Also, regarding the right-handed neutrinos in the canonical seesaw, they are typically not Dirac. We introduce an additional right-handed SM singlet to build Dirac mass terms via the Yukawa couplings to the left-handed lepton doublet in the same way we give up-type quarks masses. The big difference is that the right-handed neutrinos are SM singlets and therefore allow for a heavy Majorana mass term between them. The resulting neutrinos (both light and heavy) are Majorana particles. Of course, you have no a priori handle on the scale of the right-right Majorana mass and if it is very very small you end up just with light pseudo-Dirac neutrinos.
Theorists Rush In Where Angels Fear To Tread

As much as I have a high opinion of Sabine Hossenfelder, I think her conclusion that it is time for the theorists to chime in is premature. The claims made are extraordinary and have been previously ruled out in the LSDN case, and the experimentalists need to kick the tires more before accepting these results at face value.

Likewise, John Baez is a great guy, but I think he's jumping in with two feet to provide a beyond the Standard Model explanation a bit too prematurely, while giving too short shrift to skepticism about the experimental result.

We saw similar rushes by theorists to explain anomalies like the OPERA superluminal neutrino result, the primordial gravitational wave claim, and the 750 GeV scalar boson that later turned out to be experimental flukes or systemic errors.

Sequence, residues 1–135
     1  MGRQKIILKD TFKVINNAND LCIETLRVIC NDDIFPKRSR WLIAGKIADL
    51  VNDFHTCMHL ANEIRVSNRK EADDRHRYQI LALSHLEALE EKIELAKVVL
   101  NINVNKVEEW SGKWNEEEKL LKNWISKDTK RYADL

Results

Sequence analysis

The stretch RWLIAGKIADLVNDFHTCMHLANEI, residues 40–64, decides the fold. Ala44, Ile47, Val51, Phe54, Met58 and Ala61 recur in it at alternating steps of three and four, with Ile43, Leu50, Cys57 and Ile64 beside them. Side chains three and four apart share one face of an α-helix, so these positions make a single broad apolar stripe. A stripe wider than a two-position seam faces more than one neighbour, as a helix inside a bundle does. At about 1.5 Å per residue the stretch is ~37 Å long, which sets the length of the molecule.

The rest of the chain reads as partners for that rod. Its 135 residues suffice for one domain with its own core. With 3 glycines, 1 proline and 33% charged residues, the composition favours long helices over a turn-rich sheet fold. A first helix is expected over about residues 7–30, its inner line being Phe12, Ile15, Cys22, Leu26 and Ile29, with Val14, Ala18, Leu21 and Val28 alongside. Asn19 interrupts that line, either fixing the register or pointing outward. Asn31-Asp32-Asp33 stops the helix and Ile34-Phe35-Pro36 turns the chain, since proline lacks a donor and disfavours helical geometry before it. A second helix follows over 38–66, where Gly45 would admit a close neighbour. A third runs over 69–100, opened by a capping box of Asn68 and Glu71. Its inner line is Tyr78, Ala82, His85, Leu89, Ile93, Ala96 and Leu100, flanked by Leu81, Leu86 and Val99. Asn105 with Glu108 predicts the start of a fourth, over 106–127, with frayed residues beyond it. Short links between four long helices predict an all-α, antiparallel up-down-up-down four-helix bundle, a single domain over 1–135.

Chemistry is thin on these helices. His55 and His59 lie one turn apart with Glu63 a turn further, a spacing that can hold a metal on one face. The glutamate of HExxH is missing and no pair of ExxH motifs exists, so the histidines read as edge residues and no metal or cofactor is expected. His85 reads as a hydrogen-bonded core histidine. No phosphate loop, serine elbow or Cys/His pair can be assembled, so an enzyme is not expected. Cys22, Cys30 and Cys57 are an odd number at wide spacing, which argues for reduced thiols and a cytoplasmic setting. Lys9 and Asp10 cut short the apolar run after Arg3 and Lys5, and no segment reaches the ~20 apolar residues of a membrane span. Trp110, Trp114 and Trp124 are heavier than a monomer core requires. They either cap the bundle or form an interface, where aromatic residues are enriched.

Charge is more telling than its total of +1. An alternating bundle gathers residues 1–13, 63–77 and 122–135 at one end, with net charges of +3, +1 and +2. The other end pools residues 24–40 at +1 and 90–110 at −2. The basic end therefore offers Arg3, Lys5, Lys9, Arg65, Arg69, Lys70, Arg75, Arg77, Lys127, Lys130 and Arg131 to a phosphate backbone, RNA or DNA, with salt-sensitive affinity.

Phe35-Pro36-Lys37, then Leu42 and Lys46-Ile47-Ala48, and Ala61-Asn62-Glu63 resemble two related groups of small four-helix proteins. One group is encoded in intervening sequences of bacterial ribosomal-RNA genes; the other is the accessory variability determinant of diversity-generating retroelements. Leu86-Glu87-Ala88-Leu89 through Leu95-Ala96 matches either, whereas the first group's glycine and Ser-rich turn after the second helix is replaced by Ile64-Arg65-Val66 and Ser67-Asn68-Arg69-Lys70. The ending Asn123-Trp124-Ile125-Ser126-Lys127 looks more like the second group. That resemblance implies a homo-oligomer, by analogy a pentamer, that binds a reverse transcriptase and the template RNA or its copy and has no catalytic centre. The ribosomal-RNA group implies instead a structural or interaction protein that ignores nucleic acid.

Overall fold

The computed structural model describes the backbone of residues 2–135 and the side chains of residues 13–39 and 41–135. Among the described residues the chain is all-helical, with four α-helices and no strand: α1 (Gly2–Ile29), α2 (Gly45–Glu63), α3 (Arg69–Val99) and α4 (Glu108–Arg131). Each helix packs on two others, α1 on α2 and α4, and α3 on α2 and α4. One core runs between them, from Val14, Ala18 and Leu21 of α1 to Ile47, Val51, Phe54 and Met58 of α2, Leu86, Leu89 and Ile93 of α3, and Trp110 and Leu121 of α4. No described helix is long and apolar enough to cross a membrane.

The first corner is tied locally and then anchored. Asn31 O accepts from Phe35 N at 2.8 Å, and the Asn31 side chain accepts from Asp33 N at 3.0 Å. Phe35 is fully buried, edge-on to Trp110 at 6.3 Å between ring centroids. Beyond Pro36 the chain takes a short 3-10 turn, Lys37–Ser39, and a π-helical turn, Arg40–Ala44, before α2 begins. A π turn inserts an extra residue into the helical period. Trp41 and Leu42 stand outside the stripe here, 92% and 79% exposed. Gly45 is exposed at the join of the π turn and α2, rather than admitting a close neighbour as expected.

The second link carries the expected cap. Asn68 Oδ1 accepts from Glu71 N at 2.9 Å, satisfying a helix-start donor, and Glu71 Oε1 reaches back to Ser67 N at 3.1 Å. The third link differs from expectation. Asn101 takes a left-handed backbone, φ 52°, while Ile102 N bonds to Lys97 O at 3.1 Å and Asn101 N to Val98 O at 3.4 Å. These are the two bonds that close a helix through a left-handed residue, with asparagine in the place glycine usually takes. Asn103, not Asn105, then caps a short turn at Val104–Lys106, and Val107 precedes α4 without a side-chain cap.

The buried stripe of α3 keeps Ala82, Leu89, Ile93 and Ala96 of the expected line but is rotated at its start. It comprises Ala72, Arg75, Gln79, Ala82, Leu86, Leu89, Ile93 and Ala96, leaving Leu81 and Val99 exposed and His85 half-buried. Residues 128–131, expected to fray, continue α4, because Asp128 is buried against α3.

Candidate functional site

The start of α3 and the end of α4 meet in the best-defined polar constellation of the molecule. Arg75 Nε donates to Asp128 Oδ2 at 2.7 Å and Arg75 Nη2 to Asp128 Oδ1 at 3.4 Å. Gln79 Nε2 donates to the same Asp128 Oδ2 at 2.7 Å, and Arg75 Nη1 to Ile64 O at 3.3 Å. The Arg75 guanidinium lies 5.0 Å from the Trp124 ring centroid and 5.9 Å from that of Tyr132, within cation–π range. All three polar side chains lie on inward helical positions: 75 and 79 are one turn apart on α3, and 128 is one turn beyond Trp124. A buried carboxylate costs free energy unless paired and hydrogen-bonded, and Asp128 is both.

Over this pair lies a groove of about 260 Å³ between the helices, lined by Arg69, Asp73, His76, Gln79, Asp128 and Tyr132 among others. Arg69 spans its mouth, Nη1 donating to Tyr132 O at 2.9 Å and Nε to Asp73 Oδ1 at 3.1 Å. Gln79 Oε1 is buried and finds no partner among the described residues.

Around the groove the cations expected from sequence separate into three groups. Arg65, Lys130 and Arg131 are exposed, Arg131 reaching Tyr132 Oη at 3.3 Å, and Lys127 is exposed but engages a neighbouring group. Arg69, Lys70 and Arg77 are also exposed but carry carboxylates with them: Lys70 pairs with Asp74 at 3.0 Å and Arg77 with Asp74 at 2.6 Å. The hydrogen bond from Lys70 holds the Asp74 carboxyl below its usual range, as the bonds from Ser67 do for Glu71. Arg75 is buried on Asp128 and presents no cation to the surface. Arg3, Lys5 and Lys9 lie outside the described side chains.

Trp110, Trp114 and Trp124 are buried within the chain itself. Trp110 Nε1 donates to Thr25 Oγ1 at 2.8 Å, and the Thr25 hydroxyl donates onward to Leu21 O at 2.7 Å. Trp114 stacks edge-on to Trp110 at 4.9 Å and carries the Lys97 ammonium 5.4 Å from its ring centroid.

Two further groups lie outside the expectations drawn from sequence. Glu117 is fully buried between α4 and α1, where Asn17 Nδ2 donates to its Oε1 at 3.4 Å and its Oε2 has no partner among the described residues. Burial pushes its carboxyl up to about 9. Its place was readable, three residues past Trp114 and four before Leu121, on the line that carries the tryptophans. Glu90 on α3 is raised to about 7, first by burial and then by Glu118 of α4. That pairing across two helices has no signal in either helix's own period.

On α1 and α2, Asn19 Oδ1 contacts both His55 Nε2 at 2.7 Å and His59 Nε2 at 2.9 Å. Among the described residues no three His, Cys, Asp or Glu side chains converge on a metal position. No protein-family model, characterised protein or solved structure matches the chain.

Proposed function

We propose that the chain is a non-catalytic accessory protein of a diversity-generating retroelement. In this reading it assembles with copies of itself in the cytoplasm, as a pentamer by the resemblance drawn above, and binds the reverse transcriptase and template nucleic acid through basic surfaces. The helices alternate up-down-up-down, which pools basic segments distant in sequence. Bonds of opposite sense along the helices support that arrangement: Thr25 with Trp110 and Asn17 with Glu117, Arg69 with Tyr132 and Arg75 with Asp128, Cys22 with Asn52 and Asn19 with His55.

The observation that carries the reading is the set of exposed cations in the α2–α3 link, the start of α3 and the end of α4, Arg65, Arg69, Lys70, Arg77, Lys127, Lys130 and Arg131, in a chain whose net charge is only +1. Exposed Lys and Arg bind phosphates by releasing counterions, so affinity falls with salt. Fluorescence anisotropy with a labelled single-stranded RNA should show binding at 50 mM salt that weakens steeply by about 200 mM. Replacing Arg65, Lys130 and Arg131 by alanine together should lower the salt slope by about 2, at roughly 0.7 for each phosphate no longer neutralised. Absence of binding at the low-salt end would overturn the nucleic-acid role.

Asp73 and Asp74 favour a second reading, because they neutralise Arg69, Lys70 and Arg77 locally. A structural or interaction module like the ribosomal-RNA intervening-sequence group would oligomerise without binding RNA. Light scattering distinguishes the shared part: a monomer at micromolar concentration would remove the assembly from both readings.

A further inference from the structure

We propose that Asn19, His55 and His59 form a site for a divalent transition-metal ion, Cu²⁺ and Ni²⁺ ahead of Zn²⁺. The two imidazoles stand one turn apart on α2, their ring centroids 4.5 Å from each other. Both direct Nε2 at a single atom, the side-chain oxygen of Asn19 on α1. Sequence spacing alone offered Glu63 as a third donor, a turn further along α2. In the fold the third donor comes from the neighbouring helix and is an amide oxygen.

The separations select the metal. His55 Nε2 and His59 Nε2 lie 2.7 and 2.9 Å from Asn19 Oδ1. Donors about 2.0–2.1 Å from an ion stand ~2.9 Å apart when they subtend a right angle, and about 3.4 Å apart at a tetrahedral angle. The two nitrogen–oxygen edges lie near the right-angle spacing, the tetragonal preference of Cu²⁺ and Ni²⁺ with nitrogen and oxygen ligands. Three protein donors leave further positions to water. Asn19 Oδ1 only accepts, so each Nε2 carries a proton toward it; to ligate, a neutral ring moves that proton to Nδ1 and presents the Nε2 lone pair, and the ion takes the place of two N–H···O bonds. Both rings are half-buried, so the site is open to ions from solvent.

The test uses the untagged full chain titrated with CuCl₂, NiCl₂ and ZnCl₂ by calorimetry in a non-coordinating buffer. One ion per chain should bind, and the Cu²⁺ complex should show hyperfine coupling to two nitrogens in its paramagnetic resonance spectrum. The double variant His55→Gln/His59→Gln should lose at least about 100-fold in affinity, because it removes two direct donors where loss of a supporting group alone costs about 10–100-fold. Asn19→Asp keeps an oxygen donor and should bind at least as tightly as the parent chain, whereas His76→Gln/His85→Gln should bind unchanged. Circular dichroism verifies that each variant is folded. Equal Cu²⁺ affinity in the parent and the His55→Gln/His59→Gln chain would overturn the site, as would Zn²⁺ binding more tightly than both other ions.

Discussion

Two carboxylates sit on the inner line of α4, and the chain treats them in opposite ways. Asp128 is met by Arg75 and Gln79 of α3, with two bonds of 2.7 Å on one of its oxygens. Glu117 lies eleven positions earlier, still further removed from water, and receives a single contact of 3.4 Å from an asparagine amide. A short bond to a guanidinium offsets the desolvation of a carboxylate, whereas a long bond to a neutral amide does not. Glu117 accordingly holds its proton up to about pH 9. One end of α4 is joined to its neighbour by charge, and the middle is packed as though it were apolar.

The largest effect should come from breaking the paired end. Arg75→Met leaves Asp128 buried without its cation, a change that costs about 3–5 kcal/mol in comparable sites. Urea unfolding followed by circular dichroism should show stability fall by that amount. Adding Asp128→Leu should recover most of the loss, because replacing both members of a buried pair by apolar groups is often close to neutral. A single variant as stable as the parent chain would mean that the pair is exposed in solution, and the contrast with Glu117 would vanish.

The Reactor Data Taken As A Whole Disfavors Sterile Neutrinos


There is a reason that you have to start a PhD dissertation with a review of the literature. Cherry picking the LSDN and MiniBooNE anomalies without also including data from other reactor experiments is statistically unsound, so the 6.1 sigma anomaly quoted isn't meaningful. Data from at least nine other experiments (OPERA, KARMEN, MINOS, MINOS+, Ice Cube, STEREO, Daya Bay, Juno and Reno) flatly contradict the sterile neutrino conclusion that MiniBooNE seeks to support with these anomalies, and so does the cosmology data.

KARMEN and OPERA combined directly contradict all of the MiniBooNE parameter space and almost all of the LSDN parameter space.

nu2.png